(i) We need a bigger revolutionary party that can act as a vanguard leadership.
(ii) We need a rooted, conscious rank and file network bringing together the best militants in every industry, every union and every workplace.
(iii) We need to challenge union bureaucrats for positions – this makes elections like the UNISON NEC elections very important.
(iv) We need to bring rank and file pressure to bear on the union bureaucracies. That means doing the detail of getting general strike motions passed, getting action where we can, etc.

We have to seek to lead where we can, in the workplaces and within unions. We need to use this leadership to build rank and file organisation and independence as well as to pressure the bureaucracy into action. That means passing the general strike motions, agitating and popularising the idea and acting as the detonators of struggle wherever we find ourselves.

Getting action where you can is important – having a UCU strike, the Camden and Tower Hamlets strikes has massively increased the contradictions between those who talk about action and those who actually want it to happen. These strikes help to provide examples of struggle, create victories and create tension with workers and the bureaucracy. They add to the logic of struggle and we need many more such examples. This means getting organised within your workplaces, pushing struggle where you can. It also means raising solidarity – a concrete activity that helps the general level of class struggle but, crucially, starts to reconnect people with the arguments around class: if you’re not a lecturer collecting for their strike means winning the same arguments around solidarity, strategy and class consciousness as you do when agitating for a general strike.

Agitating in workplaces
We need to use the logic of 26 March (‘march together, strike together’) to agitate for a general strike. Its already won over whole sections of militants – we need to popularise it and get those people already won to the idea to win people themselves. It also means winning the argument in the union structures – passing the motions at branch meetings, at conferences and trades councils. This agitation will pressure the bureaucracies and win the masses to the strategy.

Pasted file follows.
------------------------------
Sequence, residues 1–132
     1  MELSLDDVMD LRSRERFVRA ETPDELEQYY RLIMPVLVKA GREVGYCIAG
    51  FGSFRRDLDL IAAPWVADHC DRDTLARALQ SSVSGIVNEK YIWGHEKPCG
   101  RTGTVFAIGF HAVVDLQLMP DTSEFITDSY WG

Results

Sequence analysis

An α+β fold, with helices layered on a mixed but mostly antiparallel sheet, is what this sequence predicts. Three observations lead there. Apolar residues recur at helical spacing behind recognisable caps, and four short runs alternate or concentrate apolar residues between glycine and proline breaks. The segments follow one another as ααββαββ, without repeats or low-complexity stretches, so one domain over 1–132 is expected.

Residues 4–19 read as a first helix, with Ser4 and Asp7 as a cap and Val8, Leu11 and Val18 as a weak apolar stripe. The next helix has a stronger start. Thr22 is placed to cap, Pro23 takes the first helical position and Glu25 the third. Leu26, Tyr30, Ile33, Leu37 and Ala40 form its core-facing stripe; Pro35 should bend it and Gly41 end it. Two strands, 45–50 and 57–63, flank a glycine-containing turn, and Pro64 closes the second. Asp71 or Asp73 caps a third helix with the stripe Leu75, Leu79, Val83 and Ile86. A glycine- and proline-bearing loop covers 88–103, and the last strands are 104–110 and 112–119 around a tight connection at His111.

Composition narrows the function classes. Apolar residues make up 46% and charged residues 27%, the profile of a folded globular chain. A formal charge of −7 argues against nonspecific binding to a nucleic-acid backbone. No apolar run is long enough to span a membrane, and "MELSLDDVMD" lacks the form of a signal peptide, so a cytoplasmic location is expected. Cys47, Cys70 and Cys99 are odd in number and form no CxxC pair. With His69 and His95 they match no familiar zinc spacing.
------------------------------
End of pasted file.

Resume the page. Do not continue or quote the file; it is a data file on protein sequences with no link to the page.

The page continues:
While we’re doing this we also need to be concrete – that means assessing the balance of forces in your union. What concrete demand can you add onto the call for a general strike? Should your union be balloting now over pension cuts, job losses, etc? Always be concrete.

So how is it going to develop?
Well, if we do the work laid out above then we’re helping to bring about the strike. But it’s not a guarantee. What it does mean at the moment is that revolutionaries make a difference in how we get the situation moving.

We have to seize Saturday and using to drive through the arguments, we have to push for action wherever possible, we have to create networks of people who can carry the argument and help organise for a general strike. Lastly, we have to have more revolutionaries.